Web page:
THE JANUS IMPERATIVE by Evelyn Anthony

THE JANUS IMPERATIVE

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KIRKUS REVIEW

Veteran romance-suspenser Anthony now climbs aboard the Hitler-offspring bandwagon--with a likable concoction that's heavy on coincidence and falling bodies, light on gore and shoot-'em-up. Max Steiner is the unhappily married, German-born, Paris-based foreign correspondent for a London paper, and he's on assignment when West German politician Sigmund Walther is shot down beside him by two assassins; the dying man whispers: ""Janus. . . ."" This shocks Steiner who, as a 1945 Hitler Youth, was ordered to execute a man who also died saying, ""Janus. . . find Janus."" Steiner sets out to do just that, with the help of Walther's widow Minna, a middle-aging mother of five who's not too old for a gentle fling with Steiner. Meanwhile, the CIA and West German Intelligence converge on the search for Janus--whom the assassinated Walther had also been tracking down--and the professional hit team that killed Walther (a pair of homosexuals working for KGB) is assigned a new list of victims to be taken out, including Max, Minna, and a mysterious nun. What is Janus all about? Whom are they all seeking? Hitler's son, of course--who it turns out is dead. But the son's twin sister still lives--the nun!--and she's a magnetically evil creature who knows who she is and is intent on the coming of the Fourth Reich. Familiar nonsense, solidly packed and nicely flavored.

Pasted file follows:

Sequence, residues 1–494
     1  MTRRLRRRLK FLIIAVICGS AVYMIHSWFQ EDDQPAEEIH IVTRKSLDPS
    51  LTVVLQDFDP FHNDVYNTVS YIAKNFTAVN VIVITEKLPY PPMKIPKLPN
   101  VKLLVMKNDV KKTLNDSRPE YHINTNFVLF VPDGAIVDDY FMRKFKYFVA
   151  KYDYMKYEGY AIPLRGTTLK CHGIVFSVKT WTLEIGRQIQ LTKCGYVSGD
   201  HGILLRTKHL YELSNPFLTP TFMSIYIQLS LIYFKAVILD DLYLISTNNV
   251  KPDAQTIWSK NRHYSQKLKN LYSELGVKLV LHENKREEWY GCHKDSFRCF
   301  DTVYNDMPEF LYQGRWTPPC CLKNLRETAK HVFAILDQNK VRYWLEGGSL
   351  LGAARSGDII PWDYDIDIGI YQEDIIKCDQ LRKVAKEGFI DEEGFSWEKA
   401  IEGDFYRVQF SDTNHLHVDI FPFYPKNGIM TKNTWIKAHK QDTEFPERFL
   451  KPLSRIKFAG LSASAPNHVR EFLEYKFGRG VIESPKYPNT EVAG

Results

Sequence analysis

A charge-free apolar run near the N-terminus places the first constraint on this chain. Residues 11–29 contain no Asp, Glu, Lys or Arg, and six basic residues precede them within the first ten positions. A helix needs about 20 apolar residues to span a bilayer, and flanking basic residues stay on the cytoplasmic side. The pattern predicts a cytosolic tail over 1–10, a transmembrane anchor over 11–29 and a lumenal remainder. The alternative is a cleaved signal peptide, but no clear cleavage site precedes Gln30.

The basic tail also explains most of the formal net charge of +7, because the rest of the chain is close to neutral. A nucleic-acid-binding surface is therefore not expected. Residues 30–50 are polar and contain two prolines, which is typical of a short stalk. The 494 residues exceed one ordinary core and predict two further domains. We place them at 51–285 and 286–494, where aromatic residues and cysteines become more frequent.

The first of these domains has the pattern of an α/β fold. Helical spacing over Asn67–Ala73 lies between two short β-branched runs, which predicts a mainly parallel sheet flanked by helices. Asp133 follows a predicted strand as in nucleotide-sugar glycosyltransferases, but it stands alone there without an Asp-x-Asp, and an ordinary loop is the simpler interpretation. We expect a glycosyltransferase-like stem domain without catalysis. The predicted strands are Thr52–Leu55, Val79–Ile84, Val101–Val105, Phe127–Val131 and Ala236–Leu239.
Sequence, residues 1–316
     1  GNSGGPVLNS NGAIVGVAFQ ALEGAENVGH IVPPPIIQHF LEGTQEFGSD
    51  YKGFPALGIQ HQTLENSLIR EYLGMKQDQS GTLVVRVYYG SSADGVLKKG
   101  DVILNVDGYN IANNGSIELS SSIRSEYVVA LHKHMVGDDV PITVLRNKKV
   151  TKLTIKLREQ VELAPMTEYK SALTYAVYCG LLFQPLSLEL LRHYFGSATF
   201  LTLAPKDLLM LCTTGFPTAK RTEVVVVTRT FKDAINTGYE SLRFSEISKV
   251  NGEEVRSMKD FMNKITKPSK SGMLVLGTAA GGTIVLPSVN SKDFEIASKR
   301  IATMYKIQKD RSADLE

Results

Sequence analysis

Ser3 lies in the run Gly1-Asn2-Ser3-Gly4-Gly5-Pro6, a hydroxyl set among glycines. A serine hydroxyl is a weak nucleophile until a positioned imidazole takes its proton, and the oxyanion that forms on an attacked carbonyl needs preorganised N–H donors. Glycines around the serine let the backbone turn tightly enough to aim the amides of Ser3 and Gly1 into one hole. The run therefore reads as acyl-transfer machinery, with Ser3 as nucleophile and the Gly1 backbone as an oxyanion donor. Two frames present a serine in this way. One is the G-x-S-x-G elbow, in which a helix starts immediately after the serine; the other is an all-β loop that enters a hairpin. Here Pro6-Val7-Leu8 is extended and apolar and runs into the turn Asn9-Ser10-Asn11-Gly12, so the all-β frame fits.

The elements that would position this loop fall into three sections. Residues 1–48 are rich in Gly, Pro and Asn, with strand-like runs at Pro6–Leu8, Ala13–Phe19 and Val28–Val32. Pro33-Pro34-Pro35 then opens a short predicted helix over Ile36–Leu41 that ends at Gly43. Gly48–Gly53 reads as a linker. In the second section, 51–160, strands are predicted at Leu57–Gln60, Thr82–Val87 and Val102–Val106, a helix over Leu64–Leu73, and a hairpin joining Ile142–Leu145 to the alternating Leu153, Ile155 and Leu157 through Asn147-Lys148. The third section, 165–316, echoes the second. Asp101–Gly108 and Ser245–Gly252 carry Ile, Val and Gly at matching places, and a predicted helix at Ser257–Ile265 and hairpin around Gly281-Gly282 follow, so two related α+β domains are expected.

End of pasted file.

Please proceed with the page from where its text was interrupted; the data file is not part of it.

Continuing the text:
Pub Date: June 1st, 1980
Publisher: Coward, McCann & Geoghegan